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COVID-19: News and campus updates | University policies and resources

In light of Campus closure regarding COVID-19, employees in the college of Education and Behavioral Sciences are working remotely and faculty are teaching classes virtually in an effort to best support our campus community. We ask for your patience as some services may be limited and response time may increase. We appreciate your understanding as we prioritize health and safety. Updates will be published to UNC's COVID-19 information page as the situation develops.

Official School of Psychological Sciences Statement on Systemic Injustice and Antiracism:

The faculty and staff of the School of Psychological Sciences at the University of Northern Colorado stand with all of our students, colleagues, community members, and people around the United States who are disproportionately affected by systemic and institutionalized injustice. We denounce the ongoing violence against Black people and oppose all forms of bigotry and racism. The School of Psychological Sciences is committed to promoting justice and advocacy. 

As psychologists and behavioral scientists, we recognize the significant impact of racism on the educational, financial, occupational, judicial, and physical and mental health opportunities of Black people. Historical race-based trauma has continued with modern systemic injustice that has directly harmed and continues to harm Black individuals.  

We know we have work to do, as we are part of an institutionalized system that has overtly or covertly participated in systemic racism. We are listening, learning, and growing, and we are here to support our students as we all work together to dismantle systemic injustice. We are committed to incorporating justice into our teaching, research, and practice.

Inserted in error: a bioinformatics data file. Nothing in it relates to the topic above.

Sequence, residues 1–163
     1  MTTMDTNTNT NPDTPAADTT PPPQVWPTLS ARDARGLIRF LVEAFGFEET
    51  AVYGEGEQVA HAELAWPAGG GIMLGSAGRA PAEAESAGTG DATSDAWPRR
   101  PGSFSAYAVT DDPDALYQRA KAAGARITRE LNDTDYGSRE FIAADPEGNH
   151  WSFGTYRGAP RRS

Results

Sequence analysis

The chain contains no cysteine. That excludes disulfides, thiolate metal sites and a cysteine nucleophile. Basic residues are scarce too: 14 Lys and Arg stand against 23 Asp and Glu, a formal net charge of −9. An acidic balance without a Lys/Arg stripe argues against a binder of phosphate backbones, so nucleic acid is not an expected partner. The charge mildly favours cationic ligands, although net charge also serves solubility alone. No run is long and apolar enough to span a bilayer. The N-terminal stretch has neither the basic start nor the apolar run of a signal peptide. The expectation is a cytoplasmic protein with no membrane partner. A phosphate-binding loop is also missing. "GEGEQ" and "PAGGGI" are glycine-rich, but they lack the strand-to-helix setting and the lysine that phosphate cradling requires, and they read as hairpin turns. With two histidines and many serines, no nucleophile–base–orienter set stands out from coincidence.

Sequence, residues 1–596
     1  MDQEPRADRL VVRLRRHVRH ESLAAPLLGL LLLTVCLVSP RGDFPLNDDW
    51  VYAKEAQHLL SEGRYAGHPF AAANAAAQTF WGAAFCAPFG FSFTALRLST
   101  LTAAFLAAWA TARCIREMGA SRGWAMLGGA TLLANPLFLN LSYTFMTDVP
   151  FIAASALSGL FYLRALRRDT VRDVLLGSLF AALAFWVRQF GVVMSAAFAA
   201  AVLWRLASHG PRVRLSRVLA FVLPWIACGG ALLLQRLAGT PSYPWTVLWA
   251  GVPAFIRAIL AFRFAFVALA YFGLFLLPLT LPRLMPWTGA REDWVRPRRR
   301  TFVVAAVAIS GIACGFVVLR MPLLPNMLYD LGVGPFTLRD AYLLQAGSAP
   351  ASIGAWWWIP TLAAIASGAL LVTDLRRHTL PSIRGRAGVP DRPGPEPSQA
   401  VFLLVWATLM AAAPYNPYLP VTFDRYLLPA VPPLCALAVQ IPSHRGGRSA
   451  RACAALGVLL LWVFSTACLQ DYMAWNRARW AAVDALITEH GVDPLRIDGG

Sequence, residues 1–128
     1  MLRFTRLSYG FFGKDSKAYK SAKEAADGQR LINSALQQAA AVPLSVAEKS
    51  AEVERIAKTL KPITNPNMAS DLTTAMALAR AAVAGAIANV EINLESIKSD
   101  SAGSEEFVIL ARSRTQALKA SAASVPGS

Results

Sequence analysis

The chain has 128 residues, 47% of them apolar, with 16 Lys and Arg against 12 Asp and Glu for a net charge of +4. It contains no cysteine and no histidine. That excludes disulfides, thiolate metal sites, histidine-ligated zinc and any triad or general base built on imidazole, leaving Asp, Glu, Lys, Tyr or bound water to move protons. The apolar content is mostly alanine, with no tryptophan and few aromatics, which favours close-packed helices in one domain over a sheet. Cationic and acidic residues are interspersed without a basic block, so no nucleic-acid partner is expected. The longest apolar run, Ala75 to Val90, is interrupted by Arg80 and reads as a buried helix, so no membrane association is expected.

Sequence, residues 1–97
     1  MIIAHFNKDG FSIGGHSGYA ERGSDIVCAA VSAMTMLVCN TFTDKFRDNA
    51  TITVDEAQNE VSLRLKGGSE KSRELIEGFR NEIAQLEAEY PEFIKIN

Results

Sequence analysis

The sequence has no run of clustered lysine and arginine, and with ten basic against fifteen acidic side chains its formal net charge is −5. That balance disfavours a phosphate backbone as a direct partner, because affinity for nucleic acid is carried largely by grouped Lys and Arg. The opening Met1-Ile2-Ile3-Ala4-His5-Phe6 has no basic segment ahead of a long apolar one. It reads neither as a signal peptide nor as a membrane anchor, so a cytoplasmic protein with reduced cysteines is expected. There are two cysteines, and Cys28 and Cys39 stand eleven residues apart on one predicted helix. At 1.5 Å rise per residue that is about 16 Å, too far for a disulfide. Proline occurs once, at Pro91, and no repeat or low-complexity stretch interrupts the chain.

Exploring the Mysteries of the Human Mind and Brain

The world around us is constantly changing; civil issues are ever evolving and the pace of technological advancement is increasing. Daily life in the 21st century would have been unrecognizable to the generations alive a century ago. No matter how great our imagination, it is near impossible for the current generation to envision what life will be like a century from now. But one thing is constant. Human beings are at the epi-center of this dynamic world, creating both impediments to change and the impetus for progress itself, as well as the inescapable and lasting impacts of change on society.

Psychological Science—the study of mental life and human behavior in context—is central to understanding individual and collective humanity in today’s society, especially how we are affected by, cope with, and adapt to the complexities of living in a modern world. Perhaps as importantly, the development of use-inspired theories of Psychological Science can help us address numerous societal challenges, by changing how people view, think about and interact with their environment, as well as changing the environment itself, to create a better society for all.  

Psychological Science scholars and practitioners can use the principles and methods of our discipline to:

  1. generate reliable predictions about how individuals might act, for instance, in response to a crisis or natural disaster;
  2. produce effective interventions, such as better educational training or mental health treatments;
  3. improve the design of human-centered systems that pervade our daily lives, for example, that reduce human error and save lives; and
  4. improve public policies that govern the quality of life of our citizens more broadly.

Put simply, progress and positive change depends on our understanding of Psychological Science. At UNC, you will learn how to use the science and practice of Psychology to make a difference, and change the world.

 

UNC Graduate Student's Coursework Leads to Plan for New K-6 School

Dr. Kevin Pugh requires graduate students in his Educational Psychology course to develop a proposal for a new school and then present to the class as if they're applying for consideration to school districts. For the first time, a former doctoral student, Courtney Luce, is trying to make her concept a reality. Luce hopes to create a new K-6 school in Greeley for students who don't necessarily thrive in a traditional classroom structure.

Read Full Article on Courtney Luce